Often, at our favorite bar, I would emerge from the bathroom to find my friend the writer talking to some beautiful stranger and be surprised to feel my entire body boiling over with jealousy.  But the next second I'd overhear him reciting some of my sentences to her, after which he would introduce me as the brilliant writer of them while I stared at the floor, burning with embarrassment.

            In the fall, my friend went away for several months to a boring conference for writers.  He emailed me about how he'd recited from memory several very stunning sentences he'd penned to a very beautiful young writer, which resulted in a brief affair she ended.  He determined that his sentences were no good, that he would never write again.  I didn’t tell him not to quit.  It seemed essential to his progression as a human being.  Nor did I tell him how I had surprised myself, looking out the window as leaves exploded with color and then browned and dropped, by missing his lengthy recitations of his work.

            Upon his return, we went to a terrible party for writers.  He drunkenly carried on to the crowd about his residency, trying desperately to impress them.  When he disappeared into a dark hallway, I found myself suddenly alone.  Knowing hardly anyone, I waited in line to hide in the bathroom.  I heard the passionate sound of zippers unzipping, clothing being thrown to the floor, then his familiar voice behind the door, whispering sentences into some woman's ear as if they were his own.  

            Those were very fine sentences I heard you reciting, I said.  Some of your finest.  Are they new?

            I did not speak to my friend the writer all winter, though I was unsure if it was because of his plagiarism or because of the racket I'd heard behind the door.  No one had ever been so interested in my sentences, and certainly not me.  I imagined him carrying my scraps in his breast pocket, close to his heart until, having memorized them, he held them inside him, a part of himself.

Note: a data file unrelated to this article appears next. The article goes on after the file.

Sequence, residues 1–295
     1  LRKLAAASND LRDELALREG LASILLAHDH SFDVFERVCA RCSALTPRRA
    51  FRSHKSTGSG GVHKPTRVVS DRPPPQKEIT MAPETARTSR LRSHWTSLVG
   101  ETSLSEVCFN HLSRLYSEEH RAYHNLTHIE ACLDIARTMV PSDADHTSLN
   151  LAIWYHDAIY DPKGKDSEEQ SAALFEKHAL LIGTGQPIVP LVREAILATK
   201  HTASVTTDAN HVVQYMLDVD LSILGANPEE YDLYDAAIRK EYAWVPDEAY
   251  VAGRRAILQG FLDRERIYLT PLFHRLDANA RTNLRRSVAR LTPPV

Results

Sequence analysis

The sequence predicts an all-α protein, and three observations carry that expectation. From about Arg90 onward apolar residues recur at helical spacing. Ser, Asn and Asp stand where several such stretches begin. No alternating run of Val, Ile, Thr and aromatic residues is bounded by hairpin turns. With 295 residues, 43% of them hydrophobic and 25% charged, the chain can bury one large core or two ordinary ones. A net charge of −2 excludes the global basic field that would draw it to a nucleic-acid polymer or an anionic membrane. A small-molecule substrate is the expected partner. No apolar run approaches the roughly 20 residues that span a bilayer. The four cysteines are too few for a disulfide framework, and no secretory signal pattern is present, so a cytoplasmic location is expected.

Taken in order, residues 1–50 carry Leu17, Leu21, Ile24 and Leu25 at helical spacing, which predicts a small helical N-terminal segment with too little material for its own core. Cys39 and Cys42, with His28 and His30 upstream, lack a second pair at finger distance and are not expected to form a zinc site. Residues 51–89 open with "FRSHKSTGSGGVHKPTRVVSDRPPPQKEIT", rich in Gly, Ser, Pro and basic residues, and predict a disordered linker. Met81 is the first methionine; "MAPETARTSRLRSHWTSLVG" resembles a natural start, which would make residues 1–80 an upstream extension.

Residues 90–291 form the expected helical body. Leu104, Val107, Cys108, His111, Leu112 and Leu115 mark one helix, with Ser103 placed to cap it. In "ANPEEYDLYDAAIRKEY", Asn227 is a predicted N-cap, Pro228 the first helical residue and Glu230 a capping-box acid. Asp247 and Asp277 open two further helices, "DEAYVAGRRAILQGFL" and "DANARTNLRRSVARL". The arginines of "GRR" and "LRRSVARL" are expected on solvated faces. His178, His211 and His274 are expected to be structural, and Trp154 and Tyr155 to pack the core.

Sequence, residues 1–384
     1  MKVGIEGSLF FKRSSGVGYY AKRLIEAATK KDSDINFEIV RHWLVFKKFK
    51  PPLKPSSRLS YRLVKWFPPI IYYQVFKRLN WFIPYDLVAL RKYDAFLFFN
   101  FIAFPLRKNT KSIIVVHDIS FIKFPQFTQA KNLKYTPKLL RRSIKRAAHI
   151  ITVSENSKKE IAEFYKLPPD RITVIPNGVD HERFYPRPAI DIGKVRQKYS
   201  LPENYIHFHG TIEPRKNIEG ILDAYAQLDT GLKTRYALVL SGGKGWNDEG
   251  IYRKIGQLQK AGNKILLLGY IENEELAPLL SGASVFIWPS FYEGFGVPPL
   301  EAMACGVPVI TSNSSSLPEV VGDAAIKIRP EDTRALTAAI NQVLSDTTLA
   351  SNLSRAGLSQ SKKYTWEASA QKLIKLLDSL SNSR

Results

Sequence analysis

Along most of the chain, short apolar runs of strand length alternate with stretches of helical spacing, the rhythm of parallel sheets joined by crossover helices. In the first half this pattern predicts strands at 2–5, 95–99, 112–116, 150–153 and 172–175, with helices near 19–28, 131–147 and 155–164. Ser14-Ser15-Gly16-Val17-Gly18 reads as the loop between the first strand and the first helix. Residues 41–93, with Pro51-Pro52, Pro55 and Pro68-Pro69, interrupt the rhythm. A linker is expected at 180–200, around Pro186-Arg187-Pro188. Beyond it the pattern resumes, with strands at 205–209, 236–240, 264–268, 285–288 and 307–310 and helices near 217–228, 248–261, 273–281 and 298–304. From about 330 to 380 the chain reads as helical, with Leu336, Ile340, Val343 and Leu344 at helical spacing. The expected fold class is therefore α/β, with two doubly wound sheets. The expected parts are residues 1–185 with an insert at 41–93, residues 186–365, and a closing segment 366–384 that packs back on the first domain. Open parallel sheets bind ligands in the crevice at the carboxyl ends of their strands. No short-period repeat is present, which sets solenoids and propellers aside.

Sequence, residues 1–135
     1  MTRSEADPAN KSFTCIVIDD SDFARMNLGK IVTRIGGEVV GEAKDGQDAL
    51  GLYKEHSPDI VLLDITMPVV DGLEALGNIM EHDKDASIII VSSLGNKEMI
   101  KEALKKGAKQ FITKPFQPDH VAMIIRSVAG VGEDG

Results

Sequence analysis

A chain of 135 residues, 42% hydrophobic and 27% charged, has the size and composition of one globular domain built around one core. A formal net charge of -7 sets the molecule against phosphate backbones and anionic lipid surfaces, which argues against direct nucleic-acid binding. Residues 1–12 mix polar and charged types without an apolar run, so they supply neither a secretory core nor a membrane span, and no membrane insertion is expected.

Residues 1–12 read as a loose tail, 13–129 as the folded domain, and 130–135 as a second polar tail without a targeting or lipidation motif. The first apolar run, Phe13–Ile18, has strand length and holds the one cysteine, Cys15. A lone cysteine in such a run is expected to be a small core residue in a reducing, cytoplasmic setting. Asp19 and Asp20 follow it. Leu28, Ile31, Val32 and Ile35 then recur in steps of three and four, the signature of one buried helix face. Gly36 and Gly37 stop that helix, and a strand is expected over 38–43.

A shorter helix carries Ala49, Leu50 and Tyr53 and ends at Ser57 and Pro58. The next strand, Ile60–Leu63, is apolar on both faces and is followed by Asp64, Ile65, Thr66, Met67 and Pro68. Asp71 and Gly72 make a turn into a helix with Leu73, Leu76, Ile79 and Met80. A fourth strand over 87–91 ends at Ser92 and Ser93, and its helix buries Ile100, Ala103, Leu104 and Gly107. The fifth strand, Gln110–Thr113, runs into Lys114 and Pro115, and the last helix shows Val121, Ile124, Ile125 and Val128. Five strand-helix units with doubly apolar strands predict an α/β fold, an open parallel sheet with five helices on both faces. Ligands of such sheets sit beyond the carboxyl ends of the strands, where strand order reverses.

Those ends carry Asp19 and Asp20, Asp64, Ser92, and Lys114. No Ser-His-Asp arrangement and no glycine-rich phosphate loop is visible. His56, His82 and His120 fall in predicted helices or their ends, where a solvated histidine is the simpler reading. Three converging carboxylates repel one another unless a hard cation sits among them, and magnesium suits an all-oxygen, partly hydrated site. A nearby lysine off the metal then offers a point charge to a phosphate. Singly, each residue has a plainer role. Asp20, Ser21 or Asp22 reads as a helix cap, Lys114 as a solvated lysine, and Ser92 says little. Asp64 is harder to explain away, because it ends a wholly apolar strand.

At home, my sentence piles lay scattered around my apartment like useless appendages.  I felt saddened by their disheveledness, overwhelmed by a need to unite and mend them.  Left alone with my piles, with no one to praise them and nothing better to do, I combined and recombined them, knitting them together into coherent wholes.  

            In the spring, I ran into my friend the writer at another terrible party for writers.  The weather was stunning.  My book had recently come out and was met with moderate success, so that people who had had no interest in knowing me before now wanted to know me.  I stood surrounded by people I did not like talking about my work while my friend stood near the wine alone, pouring glass after glass. 

            Watching him through the crowd as he drunkenly swayed, his sentences welled up within me.  I felt how they had taken up residence in me, nourishing me without my noticing. 

            I motioned for him to join the group.  When he arrived, I recited several of his sentences from memory.  They were perfect as they emerged from my lips.  I introduced my friend as their brilliant writer, the way he had always longed to be introduced.

 

 

Housesitter

 

            It is a day where I cannot bring myself to make contact.

            I want to take off my sandals and let heat penetrate my feet, but I am on my friend's gross deck, mounded with cicada shells, aghast at her commitment to not sweeping. 

            This is a friend who takes great pleasure in describing the great force with which she can gush, who speaks of her body's capabilities so highly and with such great pride, as if hers is the body of royalty!  Within her royal, gushing body, she has written several famous books.